Gunmen killed three health workers taking part in a polio vaccination drive in Karachi on Tuesday, police said, in the latest blow to efforts to stamp out the disease in Pakistan.
After the attacks, the latest in a series of deadly assaults on vaccination teams, the provincial polio workers' association said it was halting operations across Sindh province, of which Karachi is the capital.
Men on motorbikes opened fire on polio teams in two separate incidents in the Qayyumabad neighbourhood in the east of Pakistan's biggest city.
The attacks came just days after the World Health Organisation warned that Pakistan's northwestern city of Peshawar was the world's "largest reservoir" of the polio virus.
Pakistan is one of only three countries in the world where polio remains endemic, along with Afghanistan and Nigeria. Efforts to eradicate it have been seriously hampered by the deadly targeting of vaccination teams in recent years.
"The attackers wearing helmets were waiting for the teams on motorcycles," a police spokesman told AFP.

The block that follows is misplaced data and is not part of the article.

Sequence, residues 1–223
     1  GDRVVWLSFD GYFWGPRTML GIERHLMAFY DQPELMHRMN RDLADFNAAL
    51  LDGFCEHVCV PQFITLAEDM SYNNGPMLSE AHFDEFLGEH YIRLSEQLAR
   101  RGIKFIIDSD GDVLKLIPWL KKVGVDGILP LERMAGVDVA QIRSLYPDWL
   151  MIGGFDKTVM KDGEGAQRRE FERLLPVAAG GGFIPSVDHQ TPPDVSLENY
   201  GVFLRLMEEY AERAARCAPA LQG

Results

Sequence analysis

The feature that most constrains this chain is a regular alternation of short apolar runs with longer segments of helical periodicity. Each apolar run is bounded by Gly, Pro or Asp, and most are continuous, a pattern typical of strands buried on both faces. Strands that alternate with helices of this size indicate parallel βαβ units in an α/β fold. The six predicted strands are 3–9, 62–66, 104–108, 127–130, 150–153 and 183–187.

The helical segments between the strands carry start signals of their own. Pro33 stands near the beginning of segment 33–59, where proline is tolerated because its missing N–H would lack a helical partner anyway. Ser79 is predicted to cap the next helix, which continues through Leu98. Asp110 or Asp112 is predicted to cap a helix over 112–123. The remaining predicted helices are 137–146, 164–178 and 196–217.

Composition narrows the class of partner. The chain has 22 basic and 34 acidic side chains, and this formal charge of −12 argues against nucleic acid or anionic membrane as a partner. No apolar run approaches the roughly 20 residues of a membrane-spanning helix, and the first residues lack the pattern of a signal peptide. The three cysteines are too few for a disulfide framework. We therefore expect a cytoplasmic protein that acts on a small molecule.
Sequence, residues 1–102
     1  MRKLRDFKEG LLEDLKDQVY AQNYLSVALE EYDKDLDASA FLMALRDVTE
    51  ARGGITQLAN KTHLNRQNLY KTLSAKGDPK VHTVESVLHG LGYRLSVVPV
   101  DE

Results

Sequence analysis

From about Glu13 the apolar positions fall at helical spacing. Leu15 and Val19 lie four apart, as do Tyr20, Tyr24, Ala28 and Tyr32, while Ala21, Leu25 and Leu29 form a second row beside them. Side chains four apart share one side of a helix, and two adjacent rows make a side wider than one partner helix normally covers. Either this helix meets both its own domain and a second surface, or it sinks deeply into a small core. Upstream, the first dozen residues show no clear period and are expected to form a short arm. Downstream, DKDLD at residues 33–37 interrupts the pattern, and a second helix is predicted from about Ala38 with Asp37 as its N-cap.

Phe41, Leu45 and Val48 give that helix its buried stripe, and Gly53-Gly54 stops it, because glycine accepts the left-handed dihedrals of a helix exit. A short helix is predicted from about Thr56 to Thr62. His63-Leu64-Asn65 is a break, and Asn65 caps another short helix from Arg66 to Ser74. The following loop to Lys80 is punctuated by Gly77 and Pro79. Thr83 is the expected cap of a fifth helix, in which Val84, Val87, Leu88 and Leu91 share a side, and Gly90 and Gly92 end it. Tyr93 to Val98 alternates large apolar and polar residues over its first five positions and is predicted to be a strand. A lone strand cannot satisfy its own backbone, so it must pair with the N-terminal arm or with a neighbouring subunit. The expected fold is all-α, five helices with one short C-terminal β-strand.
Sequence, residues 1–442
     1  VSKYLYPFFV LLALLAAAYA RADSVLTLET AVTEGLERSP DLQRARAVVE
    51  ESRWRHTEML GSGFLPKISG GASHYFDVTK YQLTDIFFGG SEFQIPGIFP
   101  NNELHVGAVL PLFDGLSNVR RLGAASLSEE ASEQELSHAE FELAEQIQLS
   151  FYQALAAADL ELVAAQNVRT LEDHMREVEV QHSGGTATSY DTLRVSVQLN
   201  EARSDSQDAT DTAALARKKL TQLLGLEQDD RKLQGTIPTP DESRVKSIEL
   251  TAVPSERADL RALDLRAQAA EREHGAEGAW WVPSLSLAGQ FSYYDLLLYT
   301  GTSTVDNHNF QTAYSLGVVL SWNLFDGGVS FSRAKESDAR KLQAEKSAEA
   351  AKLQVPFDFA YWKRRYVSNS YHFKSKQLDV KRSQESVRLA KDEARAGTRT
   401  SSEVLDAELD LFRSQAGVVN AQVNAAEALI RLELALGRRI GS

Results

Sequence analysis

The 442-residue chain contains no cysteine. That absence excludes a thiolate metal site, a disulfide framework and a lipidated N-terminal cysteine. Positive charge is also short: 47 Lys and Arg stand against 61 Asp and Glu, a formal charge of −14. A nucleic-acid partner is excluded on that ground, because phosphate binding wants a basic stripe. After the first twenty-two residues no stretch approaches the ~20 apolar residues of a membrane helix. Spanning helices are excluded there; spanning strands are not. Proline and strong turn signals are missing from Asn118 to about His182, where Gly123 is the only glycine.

Doctor Seemi Jamali, the head of the government Jinnah Hospital, confirmed to AFP that three bodies and two wounded people were taken to her hospital.
Khairun Nissa, the head of the provincial polio workers' association, said vaccinations would stop as a result.
"We will not carry out the campaign from now on," she told reporters outside Jinnah Hospital.
"We have lost lives of our workers today and that will happen again and again."
Militant groups see vaccination campaigns as a cover for espionage, and there are also long-running rumours about polio drops causing infertility.
According to the World Health Organisation, Pakistan recorded 91 cases of polio last year compared with 58 in 2012.
Last week the country's neighbour and great rival India celebrated three years since its last polio case.
India's polio programme is one of its biggest public health success stories -- the country only five years ago accounted for half the world's polio cases -- and stands in stark contrast to Pakistan's faltering efforts to combat the virus.